Irish criminals are as violent and unscrupulous as bloodthirsty gangsters elsewhere – and four art robberies over decades from Russborough House, Co Wicklow, show that valuable paintings can be vulnerable to theft. Gardaí say, however, that art is less likely to be used in Ireland to launder money than cars, houses and jewellery.

“I’m not aware of us ever seizing that sort of asset. But look, you can be damn sure they’re doing it. But it hasn’t come on our radar,” says a senior Garda source.


Still, Irish art dealers have been put on notice that that stringent new laws now apply and that they must take measures to ensure their business is not being used by criminals with tainted cash.

Justice officials made contact in November with businesses covered by the regime, inviting them to a December webinar in which they were told of mandatory obligations to report any suspicious transactions to the Garda financial intelligence unit and the Revenue. These include “unusually large” deals or “unusual patterns of transactions which seem to have no apparent or obvious economic or lawful purpose”.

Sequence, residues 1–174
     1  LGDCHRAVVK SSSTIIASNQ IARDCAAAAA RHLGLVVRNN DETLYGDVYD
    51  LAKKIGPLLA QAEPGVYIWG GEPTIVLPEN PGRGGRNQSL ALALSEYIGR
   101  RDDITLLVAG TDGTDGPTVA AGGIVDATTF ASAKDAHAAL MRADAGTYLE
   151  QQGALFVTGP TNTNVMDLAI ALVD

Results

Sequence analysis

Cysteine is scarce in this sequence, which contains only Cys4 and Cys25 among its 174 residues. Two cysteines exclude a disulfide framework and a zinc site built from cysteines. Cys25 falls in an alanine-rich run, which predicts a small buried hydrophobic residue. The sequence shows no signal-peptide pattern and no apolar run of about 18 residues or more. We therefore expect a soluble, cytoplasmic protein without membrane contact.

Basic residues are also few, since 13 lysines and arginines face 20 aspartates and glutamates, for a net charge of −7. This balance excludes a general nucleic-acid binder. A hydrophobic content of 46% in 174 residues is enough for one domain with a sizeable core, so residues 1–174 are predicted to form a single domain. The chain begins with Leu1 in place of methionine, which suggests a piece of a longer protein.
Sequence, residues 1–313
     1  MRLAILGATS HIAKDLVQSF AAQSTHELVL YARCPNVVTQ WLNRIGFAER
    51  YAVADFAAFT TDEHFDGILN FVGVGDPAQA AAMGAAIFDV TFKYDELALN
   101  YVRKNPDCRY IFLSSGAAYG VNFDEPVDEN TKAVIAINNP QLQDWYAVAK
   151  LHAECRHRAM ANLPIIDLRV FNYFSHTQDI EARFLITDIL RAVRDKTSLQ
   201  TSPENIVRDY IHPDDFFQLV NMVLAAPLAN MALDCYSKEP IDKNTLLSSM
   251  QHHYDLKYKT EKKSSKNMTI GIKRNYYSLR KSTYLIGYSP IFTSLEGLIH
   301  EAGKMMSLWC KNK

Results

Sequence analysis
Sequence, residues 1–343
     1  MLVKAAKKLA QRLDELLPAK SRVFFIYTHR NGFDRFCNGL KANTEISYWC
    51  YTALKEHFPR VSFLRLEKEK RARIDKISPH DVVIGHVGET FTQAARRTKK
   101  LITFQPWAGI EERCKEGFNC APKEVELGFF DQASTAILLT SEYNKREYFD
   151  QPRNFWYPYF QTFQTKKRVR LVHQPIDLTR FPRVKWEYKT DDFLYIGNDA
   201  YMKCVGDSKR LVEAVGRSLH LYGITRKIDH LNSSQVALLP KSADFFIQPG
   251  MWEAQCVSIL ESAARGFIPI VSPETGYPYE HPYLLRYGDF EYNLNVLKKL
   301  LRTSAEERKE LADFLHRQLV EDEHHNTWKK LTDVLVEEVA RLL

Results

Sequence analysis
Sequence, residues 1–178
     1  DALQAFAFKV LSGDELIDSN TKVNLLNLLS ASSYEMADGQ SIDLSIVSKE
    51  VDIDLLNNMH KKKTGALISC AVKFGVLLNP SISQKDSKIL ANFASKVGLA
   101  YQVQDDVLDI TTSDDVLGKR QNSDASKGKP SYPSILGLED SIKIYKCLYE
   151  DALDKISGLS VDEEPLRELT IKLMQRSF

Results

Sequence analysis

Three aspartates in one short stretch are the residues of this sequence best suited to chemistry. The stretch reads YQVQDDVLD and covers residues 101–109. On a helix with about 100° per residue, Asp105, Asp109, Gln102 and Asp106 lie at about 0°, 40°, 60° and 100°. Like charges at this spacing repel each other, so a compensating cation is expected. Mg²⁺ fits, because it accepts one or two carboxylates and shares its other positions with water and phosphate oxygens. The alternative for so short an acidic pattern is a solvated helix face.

Clodagh White, detective sergeant with the financial intelligence unit, told the webinar that drug cartels and organised crime groups use art and antiquities to finance themselves.

“We’re talking about high-value goods, high-value pieces of art which are very tangible, that can be easily sold and transported across borders,” she said on the webinar.

“This is all part of the layering process and the laundering process where they’re converting the proceeds of crime – which in some cases may be cash – into an asset which can then be sold on, and it’s all about infiltrating the legal economy and making it look as if these pieces of art were purchased with legitimate funds.”

O’Halloran said the requirements under the new regime are serious.

“Even if you were naïve and you found yourself on the wrong side of a report about something that happened in relation to [the Criminal Assets Bureau] discovering things, that’s not the kind of thing that lends a huge amount of confidence to an outfit in the outer world,” he says.

“Ultimately the legitimate business doesn’t want to have anything to do with people who are even considered suspiciously. You just don’t want to know: ‘I’m not doing time for you’.”